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Ireland

If on a summer’s night in Bansha a traveller

Wednesday, 27 June, 2018

Classical reference in the title to If on a winter’s night a traveller (Italian: Se una notte d’inverno un viaggiatore), a 1979 novel by Italo Calvino. The narrative is about a reader trying to read a book called If on a winter’s night a traveller.

Bansha (Irish: An Bháinseach, meaning “a grassy place”) is a village in County Tipperary strategically located on the eastern approaches to the Glen of Aherlow and the Galtee Mountains. There’s a neighbouring castle and one pub, the excellent Nellie’s.

Bansha


The Galtees and the Irish apostrophe

Sunday, 10 June, 2018

Today’s climb of the Galtees, the Munster mountain range that encompasses Tipperary and Limerick, is in aid of the Mercy University Hospital Foundation, which does good work for the people of Cork and neighbouring places.

The Galtees

Punctuation note: When referring to the Galtees, there is no need for an apostrophe. In Ireland, though, the fact that the apostrophe is seldom used to form a plural noun in English, is ignored, generally, and the general punctuation rule that the possessive of a singular noun is formed by adding an apostrophe and s, whether the singular noun ends in s or not, is applied arbitrarily.


Modern Ireland

Sunday, 27 May, 2018

Seen at the fortnightly car booth sale in Castletownroche, County Cork.


Seán Sa Cheo

Saturday, 26 May, 2018

The translation of the Gaelic Seán Sa Cheo means “John in the Fog” and it’s the title of a famous reel. The John here is John O’Rourke and, along with Tom Breen, he summited Galtymore today. Despite the fog, the hikers returned safely to base.

Seán Sa Cheo


Effin (good) cheese

Thursday, 24 May, 2018

Effin is a townland in County Limerick named after Saint Eimhin, a sixth-century cleric. Effin borders on the townlands of Garrynancoonagh North to the south, Garrynderk North to the west, Ballyshonikin to the east, Gortnacrank to the east and Tobernea West to the east.

In 2011, the people of Effin were told by Facebook that they could not register their townland as “Effin” because this word was deemed to be “offensive”. The conflict led The Guardian to headline the story as “Effin woman launches online fight for Facebook recognition.” In the end, Anne Marie Kennedy won.

Effin Irish Cheddar, by the way, is a creamy pleasure made from Golden Vale milk.

Effin cheddar


Hurling: Letter from Ireland (1937)

Sunday, 20 May, 2018

For some people in the Northern Hemisphere, summer begins with the start of the Munster Hurling Senior Championship. It’s a cultural thing that has its roots in an agrarian society driven by grass growth and the arrival of better weather. Today, the festival opens at 2 pm with Limerick vs. Tipperary at the Gaelic Grounds.

The connection between Munster hurling and Graham Greene would not be known to most attending today’s game, but the great English novelist was the editor of Night and Day, described as a British rival to the New Yorker, in the 1930s and during its brief life he published a piece titled Letter from Ireland by Elizabeth Bowen, the doyenne of Anglo-Irish writing. Snippet:

“Cork left Cork for Killarney when the All Ireland Hurley Finals were played there. Tipperary won. This was a great day for the whole of the South of Ireland; special trains were run and the roads for a hundred miles round streamed with cars and bicycles, most of them flying flags. The Tipperary contingent passed my way. Those who unluckily could not get to Killarney stood on banks for hours to watch the traffic. This is, in the literal sense, a very quiet country: the Troubles and civil war were fought out in an almost unbroken hush, punctuated by a few explosions or shots. Voices are seldom raised, and you can (so to speak) hear a dog bark or a milk-cart rattle or a funeral bell toll two counties away. But these great Sundays of sport galvanise everything; from the moment you wake you know that something is going on.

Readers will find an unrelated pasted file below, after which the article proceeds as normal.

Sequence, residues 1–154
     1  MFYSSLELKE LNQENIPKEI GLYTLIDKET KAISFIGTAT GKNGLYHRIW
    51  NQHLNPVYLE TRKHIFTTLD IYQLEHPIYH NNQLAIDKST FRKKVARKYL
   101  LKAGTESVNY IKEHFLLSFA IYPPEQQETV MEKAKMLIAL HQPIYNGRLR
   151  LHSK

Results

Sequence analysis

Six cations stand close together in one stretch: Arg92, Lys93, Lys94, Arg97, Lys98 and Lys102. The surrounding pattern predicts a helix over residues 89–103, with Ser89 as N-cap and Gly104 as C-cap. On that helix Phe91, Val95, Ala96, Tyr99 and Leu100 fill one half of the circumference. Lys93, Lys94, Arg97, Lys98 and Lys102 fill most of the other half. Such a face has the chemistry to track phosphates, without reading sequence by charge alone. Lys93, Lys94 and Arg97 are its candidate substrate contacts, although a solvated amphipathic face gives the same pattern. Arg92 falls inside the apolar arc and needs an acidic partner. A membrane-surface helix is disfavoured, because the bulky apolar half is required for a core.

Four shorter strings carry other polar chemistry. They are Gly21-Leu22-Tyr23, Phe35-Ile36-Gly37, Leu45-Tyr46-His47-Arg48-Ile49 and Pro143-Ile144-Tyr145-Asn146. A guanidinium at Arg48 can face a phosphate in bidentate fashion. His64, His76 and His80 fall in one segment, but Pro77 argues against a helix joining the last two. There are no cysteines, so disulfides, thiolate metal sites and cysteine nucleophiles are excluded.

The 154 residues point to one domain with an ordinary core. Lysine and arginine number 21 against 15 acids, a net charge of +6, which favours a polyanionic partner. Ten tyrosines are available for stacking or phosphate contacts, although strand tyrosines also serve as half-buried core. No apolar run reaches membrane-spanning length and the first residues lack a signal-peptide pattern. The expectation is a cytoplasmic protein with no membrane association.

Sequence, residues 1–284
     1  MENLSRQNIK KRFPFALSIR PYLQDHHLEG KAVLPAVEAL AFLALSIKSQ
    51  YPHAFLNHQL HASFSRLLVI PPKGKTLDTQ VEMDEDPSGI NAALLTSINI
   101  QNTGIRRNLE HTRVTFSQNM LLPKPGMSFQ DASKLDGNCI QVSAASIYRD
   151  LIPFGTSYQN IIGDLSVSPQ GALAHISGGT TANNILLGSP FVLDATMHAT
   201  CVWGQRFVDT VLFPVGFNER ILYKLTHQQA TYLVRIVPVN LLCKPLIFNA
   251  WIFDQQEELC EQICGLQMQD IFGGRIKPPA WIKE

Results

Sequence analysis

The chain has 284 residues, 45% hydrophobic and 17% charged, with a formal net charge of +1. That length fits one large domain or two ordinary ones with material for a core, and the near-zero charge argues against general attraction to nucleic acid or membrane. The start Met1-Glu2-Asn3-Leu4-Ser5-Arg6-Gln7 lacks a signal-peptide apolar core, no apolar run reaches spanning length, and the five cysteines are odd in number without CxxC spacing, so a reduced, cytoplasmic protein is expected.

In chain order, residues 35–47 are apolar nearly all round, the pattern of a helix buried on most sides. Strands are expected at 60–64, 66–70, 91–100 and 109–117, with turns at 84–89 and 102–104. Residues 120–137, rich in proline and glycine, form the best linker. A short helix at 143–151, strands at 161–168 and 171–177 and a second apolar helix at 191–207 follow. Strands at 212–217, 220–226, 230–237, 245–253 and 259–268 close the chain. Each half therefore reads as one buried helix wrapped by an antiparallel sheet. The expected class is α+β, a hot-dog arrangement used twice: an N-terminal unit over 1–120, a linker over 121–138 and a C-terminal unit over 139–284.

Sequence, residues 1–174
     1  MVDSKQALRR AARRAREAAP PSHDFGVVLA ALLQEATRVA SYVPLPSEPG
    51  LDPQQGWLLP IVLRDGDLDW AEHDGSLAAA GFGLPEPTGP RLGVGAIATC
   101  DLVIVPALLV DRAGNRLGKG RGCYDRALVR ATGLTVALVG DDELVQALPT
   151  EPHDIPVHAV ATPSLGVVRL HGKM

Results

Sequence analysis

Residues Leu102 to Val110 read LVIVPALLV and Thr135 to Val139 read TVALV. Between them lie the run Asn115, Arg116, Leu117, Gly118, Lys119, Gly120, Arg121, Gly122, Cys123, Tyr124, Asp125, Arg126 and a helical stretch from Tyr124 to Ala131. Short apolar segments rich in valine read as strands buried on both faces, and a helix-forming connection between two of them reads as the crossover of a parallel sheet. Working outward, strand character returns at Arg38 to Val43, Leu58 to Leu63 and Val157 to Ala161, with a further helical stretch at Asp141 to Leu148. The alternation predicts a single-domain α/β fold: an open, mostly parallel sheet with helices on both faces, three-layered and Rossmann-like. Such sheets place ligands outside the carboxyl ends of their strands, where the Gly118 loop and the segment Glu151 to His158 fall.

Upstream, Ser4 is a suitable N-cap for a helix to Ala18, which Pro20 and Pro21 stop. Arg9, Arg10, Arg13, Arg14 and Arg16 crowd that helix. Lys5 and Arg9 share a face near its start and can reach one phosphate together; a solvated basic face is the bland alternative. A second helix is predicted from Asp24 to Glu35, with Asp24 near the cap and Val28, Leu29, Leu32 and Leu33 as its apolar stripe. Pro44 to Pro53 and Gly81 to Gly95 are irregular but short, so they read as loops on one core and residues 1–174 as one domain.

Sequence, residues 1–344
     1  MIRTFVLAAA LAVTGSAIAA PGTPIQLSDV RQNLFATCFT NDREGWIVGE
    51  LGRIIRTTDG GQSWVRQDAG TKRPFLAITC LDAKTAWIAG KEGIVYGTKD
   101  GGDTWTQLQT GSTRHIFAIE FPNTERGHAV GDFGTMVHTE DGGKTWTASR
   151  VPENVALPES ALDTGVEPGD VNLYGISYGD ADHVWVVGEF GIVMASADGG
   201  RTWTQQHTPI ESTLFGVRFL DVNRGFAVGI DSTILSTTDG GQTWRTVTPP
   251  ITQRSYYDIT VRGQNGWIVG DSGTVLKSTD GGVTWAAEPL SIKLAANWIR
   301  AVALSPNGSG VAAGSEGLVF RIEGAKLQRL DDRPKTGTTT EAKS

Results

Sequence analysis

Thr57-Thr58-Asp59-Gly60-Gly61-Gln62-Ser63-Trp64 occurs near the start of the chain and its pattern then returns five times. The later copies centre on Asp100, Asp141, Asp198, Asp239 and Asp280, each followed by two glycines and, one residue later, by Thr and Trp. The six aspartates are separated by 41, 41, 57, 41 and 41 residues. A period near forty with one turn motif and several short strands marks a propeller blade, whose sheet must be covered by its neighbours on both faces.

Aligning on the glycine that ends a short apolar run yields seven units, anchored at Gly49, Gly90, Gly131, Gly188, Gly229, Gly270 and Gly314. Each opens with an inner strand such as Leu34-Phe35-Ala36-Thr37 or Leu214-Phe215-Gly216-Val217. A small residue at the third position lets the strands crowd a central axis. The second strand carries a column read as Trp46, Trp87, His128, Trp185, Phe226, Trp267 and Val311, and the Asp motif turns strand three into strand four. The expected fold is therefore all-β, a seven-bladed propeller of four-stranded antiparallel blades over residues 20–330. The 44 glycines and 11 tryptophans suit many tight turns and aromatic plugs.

Hurley is the fastest game, short of ice hockey, that I have ever watched. It is a sort of high-speed overhead hockey, played with sticks with flat wooden blades, and it looks even more dangerous that it apparently is. Though a game that would melt you in the Antarctic, it is, for some reason, played only in summer.”

There are gems of appraisal and style in everything that Elizabeth Bowen wrote. Her observation that “the Troubles and civil war were fought out in an almost unbroken hush,” is revealing, given that her Letter from Ireland was published just 14 years after the conflict ended, and “Cork left Cork for Killarney” is delightful. Today, some 80 years later, Tipperary will leave Tipperary for Limerick.

Limerick vs. Tipperary


Synge Prelude

Saturday, 24 March, 2018 0 Comments

On this day in 1909, the playwright, poet and collector of folklore John Millington Synge died. He was just 37 years old. Synge was a key figure in the Irish Literary Revival and one of the co-founders of the Abbey Theatre, and it was in thanks to the Abbey Theatre that he entered history. The occasion was the 1907 Abbey premiere of his wonderful play, The Playboy of the Western World, and the surrounding events exposed the sordid absurdity that has powered so much of Irish nationalism.

One source of audience hostility to the play was that the plot combined an idealization of parricide with an unhappy ending, but what triggered the violence was Christy Mahon’s comment about “a drift of chosen females, standing in their shifts itself.” The very mention of an undergarment led The Freeman’s Journal of Monday, 28 January 1907 to condemn the play as an “unmitigated, protracted libel upon Irish peasant men and worse still upon peasant girlhood.” Rioting ensued and the police had to enforce security during each performance, making nightly arrests of outraged nationalists filled with hatred of an artistic expression that did not reflect their chosen insanity.